How Much Work Are These Men’s Haircuts?

BY: Kelly MacDowell |May 16, 2014

How Much Work Are These Men’s Haircuts?

Kristina Welzien has a pretty simple test for assessing men’s hair. “This is what every haircut and style comes down to: can you own it?” said the stylist, who splits her time between San Francisco’s The Plum Organic Beauty and Chicago’s Ruby Room. “The second you own it, it looks amazing, whether the angles and the shapes are just right or not.”

But as usual, ownership brings obligation. Pulling off a certain look might require buying special products, shampooing frequently, or scheduling constant trims. With that in mind, we asked Kristina about four trending styles, which we’ve ranked from easiest to hardest to maintain. See what she says it takes to rock them and decide if they’re worth the effort.

1. Easy-breezy: the “man bun”


Who you’ve seen it on: Joakim Noah, Jared Leto

Why it’s trending: For Kristina, this look is a perfect crystallization of modernity and tradition. “It’s just so natural for a man to let his hair grow and toss it on top of [his] head. … It’s something that I would do as a woman. So I love that it’s become this unisex image in a sense,” she said. “But if you go back in time, men often had long hair and it was considered a very masculine image.”

Time between cuts: 2–3 months. You could go longer, but “the ends get tattered from being wound up,” Kristina pointed out.

Maintenance level: Low. “Any man I’ve worked with who rocks the man bun is air-dry and go,” Kristina said. And if you’re forgoing product, you can shampoo your hair less often. “The more natural oils [that] stay in the hair condition it and give great separation and piecey-ness [when you wear it down].” She recommended maybe using a bit of coconut oil or jojoba oil to keep unwashed ends from getting dry.

2. Fairly simple: the shaved head


Who you’ve seen it on: Jason Statham, Tom Hardy, Vin Diesel

Why it’s trending: There’s probably a reason why this look is so popular with action-movie stars. As Kristina pointed out, “it’s so hot to see a man with a freshly shaved head because there’s this level of confidence. … Plus, it’s something you can do yourself, which I think is a really liberating experience, to cut your own hair.”

Time between cuts: 1–2 weeks, depending on how fast your hair grows.

Maintenance level: Considering you’re only de-stubbling every week or two, it’s pretty low-maintenance. But when you do shave, Kristina recommended taking as much care as you would with your face. First, open the pores with a hot shower or by wrapping your head with a hot towel for a few minutes. “Make sure [to use] a high-quality blade that supports sensitive skin,” Kristina said. She also suggested a finishing product that’ll replenish moisture and soothe your skin, like this After Shave Balm ($18) from Baxter of California.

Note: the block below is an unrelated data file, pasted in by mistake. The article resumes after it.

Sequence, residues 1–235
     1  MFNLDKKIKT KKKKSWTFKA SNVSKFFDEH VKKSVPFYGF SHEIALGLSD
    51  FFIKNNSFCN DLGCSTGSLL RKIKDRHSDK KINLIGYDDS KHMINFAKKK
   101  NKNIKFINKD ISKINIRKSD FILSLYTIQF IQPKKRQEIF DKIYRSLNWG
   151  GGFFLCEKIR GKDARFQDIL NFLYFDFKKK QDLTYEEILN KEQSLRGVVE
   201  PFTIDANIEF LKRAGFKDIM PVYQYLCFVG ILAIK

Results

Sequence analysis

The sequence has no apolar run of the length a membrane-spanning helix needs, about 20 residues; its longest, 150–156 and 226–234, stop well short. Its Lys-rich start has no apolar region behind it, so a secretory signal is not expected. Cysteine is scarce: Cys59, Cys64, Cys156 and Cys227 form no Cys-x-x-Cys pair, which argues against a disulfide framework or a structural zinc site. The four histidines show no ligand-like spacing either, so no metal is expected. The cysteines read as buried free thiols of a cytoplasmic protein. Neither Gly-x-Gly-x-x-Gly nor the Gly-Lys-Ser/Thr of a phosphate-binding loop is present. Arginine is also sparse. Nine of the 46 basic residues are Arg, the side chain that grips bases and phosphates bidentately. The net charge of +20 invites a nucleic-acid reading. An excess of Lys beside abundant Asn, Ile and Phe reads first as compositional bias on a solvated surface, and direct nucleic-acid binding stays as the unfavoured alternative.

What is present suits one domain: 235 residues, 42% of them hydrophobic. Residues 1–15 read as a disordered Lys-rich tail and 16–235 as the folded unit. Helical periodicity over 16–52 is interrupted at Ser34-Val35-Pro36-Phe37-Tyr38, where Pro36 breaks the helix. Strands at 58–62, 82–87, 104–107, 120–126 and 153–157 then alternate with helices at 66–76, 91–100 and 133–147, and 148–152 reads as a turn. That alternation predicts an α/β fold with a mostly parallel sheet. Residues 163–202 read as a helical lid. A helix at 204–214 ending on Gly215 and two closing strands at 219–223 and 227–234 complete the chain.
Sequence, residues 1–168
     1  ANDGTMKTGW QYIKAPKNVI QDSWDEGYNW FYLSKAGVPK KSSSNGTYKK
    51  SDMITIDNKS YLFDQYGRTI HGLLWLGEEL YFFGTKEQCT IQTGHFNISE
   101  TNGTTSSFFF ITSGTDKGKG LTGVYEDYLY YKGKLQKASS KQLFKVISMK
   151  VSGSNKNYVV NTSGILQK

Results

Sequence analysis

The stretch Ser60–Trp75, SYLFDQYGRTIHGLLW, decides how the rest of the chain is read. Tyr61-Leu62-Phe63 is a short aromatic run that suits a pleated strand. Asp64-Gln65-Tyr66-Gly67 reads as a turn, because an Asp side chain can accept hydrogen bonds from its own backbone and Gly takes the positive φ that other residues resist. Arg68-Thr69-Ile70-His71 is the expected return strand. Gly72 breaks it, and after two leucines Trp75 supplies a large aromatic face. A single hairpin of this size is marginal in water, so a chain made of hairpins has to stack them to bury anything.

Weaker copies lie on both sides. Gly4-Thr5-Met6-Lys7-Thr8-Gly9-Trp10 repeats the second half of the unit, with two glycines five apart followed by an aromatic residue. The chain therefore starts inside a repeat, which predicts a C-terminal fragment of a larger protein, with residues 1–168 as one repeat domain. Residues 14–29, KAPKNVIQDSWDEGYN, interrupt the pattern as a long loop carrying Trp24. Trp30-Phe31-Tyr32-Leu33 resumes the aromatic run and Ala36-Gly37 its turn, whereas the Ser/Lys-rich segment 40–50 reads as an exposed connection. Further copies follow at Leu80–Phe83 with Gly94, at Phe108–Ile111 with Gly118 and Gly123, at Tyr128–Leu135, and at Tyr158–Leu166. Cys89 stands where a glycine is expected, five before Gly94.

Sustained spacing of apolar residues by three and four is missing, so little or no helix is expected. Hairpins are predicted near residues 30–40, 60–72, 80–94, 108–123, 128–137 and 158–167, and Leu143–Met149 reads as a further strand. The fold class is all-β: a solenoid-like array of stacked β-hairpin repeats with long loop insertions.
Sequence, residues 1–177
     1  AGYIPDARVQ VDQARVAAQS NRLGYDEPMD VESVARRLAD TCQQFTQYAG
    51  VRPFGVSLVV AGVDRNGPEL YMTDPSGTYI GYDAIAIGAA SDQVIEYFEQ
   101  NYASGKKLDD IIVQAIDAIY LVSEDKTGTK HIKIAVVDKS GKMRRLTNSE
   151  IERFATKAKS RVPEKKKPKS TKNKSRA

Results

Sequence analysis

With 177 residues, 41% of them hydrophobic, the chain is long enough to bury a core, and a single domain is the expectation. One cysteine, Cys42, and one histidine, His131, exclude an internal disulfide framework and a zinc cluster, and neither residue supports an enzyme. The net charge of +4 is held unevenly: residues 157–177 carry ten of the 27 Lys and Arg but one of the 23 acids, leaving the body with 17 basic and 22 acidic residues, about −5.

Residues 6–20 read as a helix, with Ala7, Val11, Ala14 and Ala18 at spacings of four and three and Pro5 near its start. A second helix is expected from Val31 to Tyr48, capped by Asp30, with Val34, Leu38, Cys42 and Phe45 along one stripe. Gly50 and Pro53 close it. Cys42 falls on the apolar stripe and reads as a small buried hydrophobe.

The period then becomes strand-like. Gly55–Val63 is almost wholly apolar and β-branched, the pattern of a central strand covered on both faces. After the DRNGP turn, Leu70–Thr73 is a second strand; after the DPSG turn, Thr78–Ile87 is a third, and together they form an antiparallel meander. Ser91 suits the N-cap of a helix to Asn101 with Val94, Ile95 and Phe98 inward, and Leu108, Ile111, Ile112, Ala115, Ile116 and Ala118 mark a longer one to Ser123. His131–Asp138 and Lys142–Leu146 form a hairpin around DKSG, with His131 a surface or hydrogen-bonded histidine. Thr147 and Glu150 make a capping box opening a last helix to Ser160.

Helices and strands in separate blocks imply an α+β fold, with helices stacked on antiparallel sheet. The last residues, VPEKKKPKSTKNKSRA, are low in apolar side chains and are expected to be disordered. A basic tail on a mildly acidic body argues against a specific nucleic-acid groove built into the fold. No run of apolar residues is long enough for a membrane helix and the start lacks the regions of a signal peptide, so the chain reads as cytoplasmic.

3. Less work than it looks like: the undercut


Who you’ve seen it on: David Lynch, Michael Pitt

Why it’s trending: “It’s more dramatic because there’s such a difference between the sides, the back, and the top,” Kristina said. “We’re also seeing a lot of textures and patterns and colors being intermingled [in men’s clothing]. … I think the undercut goes hand-in-hand with that.”

Time between cuts: The top length can be trimmed monthly, but the sides will need to be touched up every 2–4 weeks depending on how tightly they’re faded.

Maintenance level: Despite the high style of this look, it’s deceptively low-maintenance. At most, straight-haired guys might want to add grit and hold with either dry shampoo, baby powder, or a styling cream. (Kristina particularly loves Bumble and bumble’s sumotech molding compound [$28].) Guys with natural texture can usually just air-dry and go.

4. BFFs with your barber: the “Don Draper” side part


Who you’ve seen it on: Um, Don Draper?

Why it’s trending: “It reminds [people] of Don Draper. Who doesn’t like that?” Kristina said.

Time between cuts: Not long. “The second this grows, it’s just gonna get bulky or bushy in the wrong areas,” Kristina said. “You just want to keep it really clean and lean.”

Maintenance level: Between the frequency of cuts and the potential for styling, it’s high. “Most men are using quite a bit of product to keep this in place, so you might have to shampoo more often,” Kristina said. “But it doesn’t necessarily need to be blow-dried. Towel-dry really well, even let it air-dry in the morning while you drink a coffee. … Get your product in there while [the hair is] still a little damp, and then comb it into place.” She said you’ll also need to think about whether you prefer a product that gives you a matte or a high-shine finish.

Photo: Andrew Nawrocki, Groupon